30 Jun 2010:
Biofuel Production from Algae
Years from Commercialization, U.S. Says
Biofuels produced from algae hold “significant promise” as an alternative to polluting petroleum-based fuels, but the technology will require years of development before it is ready to be deployed at a large-scale, commercial level
, according to a U.S. Department of Energy report. The “National Algal Biofuels Technology Roadmap,” released after a year of public comment, identifies the state of the technology and the challenges facing researchers, engineers, and policymakers in the advancement of algal biofuels.
The microalgae Botryococcus
“Many years of both basic and applied science and engineering will likely be needed to achieve affordable, scalable, and sustainable algal-based fuels,” the report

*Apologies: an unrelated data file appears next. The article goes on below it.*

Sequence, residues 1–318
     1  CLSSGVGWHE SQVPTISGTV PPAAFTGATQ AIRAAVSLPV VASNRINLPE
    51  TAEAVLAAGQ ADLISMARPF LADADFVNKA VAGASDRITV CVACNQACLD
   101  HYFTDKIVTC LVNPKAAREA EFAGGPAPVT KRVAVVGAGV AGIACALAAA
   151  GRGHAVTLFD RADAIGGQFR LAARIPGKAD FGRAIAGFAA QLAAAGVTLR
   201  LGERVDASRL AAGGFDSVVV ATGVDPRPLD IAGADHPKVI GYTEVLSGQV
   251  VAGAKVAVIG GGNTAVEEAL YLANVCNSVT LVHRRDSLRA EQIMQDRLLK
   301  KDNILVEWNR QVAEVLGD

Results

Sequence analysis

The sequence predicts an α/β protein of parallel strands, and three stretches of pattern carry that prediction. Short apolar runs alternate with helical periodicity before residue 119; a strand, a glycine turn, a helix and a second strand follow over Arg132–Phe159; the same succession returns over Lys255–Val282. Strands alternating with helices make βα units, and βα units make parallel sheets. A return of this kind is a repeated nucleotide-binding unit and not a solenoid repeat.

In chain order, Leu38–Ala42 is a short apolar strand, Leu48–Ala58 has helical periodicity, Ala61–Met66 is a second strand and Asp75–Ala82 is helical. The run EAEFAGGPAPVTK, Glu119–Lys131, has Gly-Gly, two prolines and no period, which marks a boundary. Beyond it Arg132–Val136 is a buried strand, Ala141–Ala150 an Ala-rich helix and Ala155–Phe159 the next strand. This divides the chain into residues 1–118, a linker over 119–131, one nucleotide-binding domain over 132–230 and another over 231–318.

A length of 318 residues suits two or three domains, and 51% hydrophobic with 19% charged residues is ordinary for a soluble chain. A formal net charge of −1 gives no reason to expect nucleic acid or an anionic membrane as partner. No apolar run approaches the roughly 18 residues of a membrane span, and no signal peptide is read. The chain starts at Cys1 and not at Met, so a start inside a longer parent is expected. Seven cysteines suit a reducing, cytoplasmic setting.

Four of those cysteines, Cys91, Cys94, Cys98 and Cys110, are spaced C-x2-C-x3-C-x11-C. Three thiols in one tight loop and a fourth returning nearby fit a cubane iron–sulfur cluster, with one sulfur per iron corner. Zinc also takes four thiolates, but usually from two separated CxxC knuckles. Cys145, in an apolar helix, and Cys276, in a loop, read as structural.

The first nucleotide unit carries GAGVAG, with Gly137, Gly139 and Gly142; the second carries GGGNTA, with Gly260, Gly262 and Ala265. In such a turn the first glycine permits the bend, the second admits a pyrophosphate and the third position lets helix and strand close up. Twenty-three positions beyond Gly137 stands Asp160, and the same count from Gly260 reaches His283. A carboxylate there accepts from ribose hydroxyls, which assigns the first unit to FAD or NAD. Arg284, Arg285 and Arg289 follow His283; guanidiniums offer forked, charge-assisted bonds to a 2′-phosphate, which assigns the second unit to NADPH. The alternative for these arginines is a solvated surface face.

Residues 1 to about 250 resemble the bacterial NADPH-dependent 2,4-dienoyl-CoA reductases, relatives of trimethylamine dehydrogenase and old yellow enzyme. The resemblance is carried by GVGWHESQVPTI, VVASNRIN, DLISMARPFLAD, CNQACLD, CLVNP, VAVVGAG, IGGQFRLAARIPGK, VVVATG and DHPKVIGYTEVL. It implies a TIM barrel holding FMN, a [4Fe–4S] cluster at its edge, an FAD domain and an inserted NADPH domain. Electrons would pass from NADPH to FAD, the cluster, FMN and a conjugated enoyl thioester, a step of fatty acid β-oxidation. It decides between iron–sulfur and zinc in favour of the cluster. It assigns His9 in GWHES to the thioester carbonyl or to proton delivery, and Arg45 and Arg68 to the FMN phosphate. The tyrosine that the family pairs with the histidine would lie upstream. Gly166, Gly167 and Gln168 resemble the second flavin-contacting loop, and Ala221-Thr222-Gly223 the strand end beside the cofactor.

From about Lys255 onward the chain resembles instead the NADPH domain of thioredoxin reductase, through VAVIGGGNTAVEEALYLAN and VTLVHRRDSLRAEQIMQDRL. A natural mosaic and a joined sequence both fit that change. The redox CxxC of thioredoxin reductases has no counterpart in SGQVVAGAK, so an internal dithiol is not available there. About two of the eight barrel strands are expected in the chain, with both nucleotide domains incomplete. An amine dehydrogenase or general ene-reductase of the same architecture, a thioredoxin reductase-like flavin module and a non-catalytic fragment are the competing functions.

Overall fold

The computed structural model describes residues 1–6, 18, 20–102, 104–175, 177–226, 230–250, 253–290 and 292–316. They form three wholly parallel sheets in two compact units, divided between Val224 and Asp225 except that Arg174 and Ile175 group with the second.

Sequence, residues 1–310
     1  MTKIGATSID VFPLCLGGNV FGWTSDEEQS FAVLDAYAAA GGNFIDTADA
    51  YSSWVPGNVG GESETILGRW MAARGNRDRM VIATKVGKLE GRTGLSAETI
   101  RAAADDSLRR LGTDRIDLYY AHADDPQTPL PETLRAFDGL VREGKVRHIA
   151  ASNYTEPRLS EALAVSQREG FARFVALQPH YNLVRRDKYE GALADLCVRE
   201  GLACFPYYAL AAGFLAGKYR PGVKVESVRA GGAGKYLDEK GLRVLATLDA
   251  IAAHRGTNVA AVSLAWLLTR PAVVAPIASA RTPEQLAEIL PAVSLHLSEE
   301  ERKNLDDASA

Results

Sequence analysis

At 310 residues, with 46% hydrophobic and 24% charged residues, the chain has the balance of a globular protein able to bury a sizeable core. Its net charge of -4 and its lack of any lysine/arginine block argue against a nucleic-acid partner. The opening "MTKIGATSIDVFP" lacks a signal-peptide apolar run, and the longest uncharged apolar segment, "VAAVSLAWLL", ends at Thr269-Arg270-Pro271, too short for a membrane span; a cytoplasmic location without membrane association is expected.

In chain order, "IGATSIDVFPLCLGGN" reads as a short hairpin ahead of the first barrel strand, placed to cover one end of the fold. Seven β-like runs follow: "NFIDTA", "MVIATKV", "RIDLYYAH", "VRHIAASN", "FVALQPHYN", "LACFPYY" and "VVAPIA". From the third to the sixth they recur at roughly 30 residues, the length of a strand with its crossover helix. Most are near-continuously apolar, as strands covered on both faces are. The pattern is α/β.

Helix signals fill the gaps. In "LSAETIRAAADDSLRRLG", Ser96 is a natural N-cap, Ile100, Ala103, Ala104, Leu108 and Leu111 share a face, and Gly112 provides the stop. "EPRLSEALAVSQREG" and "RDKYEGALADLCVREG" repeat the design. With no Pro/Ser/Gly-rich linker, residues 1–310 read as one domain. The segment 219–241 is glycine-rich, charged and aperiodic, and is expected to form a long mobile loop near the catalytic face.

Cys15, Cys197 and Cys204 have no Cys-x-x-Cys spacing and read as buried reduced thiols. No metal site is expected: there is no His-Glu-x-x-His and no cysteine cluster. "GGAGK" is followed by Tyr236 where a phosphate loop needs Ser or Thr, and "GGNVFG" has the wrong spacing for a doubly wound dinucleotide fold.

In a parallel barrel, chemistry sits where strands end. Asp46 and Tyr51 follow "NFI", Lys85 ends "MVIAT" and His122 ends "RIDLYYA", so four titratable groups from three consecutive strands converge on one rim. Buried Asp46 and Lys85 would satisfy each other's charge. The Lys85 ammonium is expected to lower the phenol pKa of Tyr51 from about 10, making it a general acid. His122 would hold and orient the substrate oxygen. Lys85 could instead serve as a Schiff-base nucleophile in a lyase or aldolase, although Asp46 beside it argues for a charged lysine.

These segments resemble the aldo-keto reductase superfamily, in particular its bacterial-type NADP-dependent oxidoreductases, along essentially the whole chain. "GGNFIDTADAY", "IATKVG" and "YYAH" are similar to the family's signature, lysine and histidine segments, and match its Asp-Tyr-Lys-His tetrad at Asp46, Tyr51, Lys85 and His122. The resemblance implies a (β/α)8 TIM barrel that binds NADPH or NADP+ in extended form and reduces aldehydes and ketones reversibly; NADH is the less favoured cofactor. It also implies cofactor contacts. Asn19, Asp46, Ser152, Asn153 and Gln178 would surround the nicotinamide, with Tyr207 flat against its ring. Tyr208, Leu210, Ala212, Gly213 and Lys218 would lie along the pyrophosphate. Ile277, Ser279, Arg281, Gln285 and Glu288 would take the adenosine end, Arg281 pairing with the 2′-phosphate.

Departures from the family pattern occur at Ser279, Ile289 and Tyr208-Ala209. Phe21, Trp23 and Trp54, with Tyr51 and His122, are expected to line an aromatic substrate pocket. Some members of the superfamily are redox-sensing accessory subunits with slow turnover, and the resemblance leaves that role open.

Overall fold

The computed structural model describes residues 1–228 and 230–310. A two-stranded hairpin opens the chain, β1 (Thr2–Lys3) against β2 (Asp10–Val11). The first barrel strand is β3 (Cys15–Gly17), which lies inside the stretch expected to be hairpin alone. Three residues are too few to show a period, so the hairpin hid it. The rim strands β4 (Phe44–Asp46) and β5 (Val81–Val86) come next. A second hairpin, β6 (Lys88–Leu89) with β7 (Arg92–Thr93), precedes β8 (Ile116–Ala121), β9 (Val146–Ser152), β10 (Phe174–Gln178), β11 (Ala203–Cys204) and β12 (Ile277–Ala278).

says. Scientists involved in writing the report said that the technology behind algal biofuels is far less developed than the technologies used to produce corn ethanol or biodiesel. Al Darzins, a group manager with the National Bioenergy Center at the National Energy Laboratory, said it is important to do far more research on various strains of algae, including genetically modified strains, to develop qualities useful in fuel production. In addition, he said, researchers must develop efficient growth systems, such as ponds or closed containers, where algae can be farmed on a large scale.
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An aerial view of why Europe’s per capita carbon emissions are less than 50 percent of those in the U.S. View the photos.
An indigenous tribe’s deadly fight to save its ancestral land in the Amazon rainforest from logging. Learn more.
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Residents of the Chocó Rainforest in Ecuador are choosing to plant cacao over logging in an effort to slow deforestation.
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